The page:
“I remember when we were growing up, we were told, “don’t let a dog sniff on your blood.” These days, you have used a pad and you don’t know where it is ending, wont the dog meet it there?”A Senior Civil Servant
Honestly, at the time, I did not understand that bit about “don’t let a dog sniff on your blood.” However, I made a judgement call not to ask her to clarify what she meant. This is because I did not want to break the sisterhood rapport that we had gained meeting for the first time.
And then yesterday, as I chatted menstrual hygiene with women street vendors at the Street Market, the issue of the dog and menstrual blood came up again. One of the vendors I chatted with, a young woman vending fruits, brought it up. She said her elders told her “if a dog sniffs and licks your blood, you will not have children, you will be barren.”
Even though we laughed about it, I sense it is a belief some women find convincing enough for them to be careful how they dispose off used pads and to maintain personal hygiene during their period. As a cultural anthropologist, I think it an effective story that our ancestors created to scare girls into ensuring personal hygiene and also public health. Which is a good thing.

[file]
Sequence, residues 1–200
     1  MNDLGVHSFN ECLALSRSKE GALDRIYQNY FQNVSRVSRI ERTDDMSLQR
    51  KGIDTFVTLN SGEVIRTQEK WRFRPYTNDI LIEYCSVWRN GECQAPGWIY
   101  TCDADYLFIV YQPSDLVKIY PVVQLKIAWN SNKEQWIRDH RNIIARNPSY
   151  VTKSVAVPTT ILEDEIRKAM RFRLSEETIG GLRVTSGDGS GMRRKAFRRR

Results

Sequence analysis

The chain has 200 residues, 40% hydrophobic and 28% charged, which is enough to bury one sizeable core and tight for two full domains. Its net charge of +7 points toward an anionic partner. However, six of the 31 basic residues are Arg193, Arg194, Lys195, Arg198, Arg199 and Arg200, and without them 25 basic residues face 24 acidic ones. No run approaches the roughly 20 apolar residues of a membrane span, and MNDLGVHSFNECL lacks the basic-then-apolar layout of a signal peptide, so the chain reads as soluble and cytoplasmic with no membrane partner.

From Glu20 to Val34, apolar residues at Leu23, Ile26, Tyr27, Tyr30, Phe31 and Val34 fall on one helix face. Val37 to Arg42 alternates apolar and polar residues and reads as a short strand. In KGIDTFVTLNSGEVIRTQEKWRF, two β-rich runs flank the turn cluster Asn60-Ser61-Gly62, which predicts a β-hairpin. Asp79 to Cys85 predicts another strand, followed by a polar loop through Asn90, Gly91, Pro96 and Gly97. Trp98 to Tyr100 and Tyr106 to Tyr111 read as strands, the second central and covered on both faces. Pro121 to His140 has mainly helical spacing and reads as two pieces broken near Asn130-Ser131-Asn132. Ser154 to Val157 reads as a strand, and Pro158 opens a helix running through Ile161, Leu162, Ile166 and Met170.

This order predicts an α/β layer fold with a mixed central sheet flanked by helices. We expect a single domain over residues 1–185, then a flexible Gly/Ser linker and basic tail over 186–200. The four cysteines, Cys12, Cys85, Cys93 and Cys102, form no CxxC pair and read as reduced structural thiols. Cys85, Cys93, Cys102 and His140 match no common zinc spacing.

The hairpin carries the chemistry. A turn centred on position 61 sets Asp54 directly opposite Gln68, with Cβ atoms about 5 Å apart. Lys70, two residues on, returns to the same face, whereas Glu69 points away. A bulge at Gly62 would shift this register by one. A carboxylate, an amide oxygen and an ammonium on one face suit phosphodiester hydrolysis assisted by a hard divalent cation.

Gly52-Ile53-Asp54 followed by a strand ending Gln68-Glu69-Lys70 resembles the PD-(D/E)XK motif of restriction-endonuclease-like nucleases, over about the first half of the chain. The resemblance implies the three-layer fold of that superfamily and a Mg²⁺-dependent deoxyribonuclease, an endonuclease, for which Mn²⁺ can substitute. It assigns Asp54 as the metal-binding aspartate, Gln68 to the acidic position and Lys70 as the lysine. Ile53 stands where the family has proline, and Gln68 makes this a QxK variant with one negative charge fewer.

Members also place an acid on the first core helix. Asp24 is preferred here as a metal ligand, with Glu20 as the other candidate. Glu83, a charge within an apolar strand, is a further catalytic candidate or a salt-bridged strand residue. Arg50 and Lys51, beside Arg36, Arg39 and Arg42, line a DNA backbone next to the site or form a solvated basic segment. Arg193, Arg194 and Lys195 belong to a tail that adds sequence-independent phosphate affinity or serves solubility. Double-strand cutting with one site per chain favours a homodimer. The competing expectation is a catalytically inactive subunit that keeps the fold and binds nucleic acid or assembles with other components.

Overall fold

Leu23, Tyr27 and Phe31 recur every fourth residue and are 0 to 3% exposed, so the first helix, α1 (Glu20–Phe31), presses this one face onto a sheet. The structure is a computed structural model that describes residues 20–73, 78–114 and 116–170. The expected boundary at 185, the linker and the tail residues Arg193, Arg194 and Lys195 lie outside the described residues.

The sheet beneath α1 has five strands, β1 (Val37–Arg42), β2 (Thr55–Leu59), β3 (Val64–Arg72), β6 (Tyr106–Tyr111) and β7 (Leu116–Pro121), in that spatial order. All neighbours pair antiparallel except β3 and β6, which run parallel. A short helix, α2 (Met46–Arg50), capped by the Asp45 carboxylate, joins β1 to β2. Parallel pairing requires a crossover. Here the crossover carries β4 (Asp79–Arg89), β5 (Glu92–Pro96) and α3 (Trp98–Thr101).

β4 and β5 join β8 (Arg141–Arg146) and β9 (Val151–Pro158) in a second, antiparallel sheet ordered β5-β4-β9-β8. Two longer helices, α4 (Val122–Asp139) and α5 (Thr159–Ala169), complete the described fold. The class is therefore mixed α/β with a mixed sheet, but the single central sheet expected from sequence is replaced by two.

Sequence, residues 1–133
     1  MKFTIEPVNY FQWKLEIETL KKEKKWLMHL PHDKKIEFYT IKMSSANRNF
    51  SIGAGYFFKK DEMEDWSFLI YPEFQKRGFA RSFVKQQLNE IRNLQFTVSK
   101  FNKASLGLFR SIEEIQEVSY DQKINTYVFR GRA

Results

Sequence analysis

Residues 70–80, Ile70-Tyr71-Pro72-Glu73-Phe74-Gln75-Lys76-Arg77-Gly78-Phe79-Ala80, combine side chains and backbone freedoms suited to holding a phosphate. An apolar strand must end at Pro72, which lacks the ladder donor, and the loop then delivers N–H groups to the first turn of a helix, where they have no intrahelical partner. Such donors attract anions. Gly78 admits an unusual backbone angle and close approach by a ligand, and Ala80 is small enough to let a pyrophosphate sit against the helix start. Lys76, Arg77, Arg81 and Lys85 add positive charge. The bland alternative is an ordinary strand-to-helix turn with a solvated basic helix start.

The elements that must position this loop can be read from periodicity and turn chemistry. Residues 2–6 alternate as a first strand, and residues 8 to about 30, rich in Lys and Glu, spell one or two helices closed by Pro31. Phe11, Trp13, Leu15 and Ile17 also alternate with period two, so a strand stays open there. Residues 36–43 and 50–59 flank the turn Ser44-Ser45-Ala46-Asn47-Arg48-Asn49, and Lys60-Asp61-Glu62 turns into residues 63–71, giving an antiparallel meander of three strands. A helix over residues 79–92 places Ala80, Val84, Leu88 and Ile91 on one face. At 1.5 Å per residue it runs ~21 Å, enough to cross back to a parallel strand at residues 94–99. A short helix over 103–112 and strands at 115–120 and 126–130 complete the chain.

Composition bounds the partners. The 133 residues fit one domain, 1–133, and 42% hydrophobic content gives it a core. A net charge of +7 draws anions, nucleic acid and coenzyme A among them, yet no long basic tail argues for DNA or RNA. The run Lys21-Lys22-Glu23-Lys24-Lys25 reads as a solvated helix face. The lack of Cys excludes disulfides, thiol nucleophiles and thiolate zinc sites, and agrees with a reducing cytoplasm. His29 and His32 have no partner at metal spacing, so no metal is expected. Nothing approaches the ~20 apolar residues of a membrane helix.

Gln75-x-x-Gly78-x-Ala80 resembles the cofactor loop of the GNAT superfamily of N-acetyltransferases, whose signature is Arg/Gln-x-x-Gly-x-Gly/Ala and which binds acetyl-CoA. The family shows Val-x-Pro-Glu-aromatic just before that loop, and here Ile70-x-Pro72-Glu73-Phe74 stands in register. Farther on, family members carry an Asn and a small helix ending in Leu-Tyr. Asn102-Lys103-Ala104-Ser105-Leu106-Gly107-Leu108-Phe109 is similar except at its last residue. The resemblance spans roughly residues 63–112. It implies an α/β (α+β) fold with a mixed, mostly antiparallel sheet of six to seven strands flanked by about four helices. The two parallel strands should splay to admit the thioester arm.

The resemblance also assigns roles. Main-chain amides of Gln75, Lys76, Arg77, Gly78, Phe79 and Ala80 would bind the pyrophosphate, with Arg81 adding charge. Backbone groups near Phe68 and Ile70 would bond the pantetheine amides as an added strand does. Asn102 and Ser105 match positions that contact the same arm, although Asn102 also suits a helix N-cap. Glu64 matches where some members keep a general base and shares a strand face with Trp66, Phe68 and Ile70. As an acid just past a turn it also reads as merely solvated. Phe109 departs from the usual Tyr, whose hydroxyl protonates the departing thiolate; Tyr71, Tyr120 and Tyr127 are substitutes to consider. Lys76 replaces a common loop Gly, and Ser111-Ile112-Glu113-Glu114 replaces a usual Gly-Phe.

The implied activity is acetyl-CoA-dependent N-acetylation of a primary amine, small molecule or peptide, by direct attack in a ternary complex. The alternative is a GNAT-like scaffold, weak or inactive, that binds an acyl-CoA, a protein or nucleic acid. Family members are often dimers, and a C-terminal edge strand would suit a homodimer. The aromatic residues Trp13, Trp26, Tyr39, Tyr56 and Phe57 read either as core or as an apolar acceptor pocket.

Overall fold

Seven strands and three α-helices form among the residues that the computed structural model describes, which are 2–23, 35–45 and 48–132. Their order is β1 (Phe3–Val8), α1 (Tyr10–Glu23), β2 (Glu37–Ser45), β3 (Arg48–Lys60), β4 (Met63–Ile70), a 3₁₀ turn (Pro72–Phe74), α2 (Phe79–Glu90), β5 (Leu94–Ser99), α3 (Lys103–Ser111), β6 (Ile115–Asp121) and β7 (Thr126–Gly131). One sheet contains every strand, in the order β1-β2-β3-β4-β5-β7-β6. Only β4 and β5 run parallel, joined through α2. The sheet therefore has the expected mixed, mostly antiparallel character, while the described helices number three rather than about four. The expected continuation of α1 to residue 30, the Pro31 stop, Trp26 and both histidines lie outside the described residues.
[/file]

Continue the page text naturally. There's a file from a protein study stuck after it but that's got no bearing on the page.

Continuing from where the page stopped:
I don’t think though that a dog sniffing one’s menstrual blood, can make a woman infertile. If it were the case, fertility rates in Uganda would be so low among its working women. For after all, current practice in Uganda is that we, working women, are forced to dispose our used pads together with other solid waste and they end up in landfills.
“I went to the dumping site and I saw how used pads were just being dumped there. I don’t want to see this used pad being dumped just any how. You meet dogs running with them in their mouths.
I usually talk to my kids and tell them, never throw a used pad into a toilet. I make sure that I burn them. I have something small at home which I use to burn used pads and buvera (polythene). And the schools they are in, I tell my kids, never dump your used pad in a toilet. Take it to an incinerator. I make sure that the school that I take them to, there is an incinerator.
For pads, most of them, that covering is a kavera (polythene) and so it takes long to decompose into manure. I think burning is the best way. Not in the open. When you do open burning it pollutes the environment. That is why am opting that we use the incinerators.”A Senior Civil Servant
Unfortunately, according to a Ministry of Education and Sports Report, 80 percent of public schools don’t have incinerators. Among other reasons, this is the justification for our CPAR Uganda menstrual hygiene campaign. Please click here to learn more about it and to make a donation.
This post was written by our Managing Director, Ms. Norah Owaraga.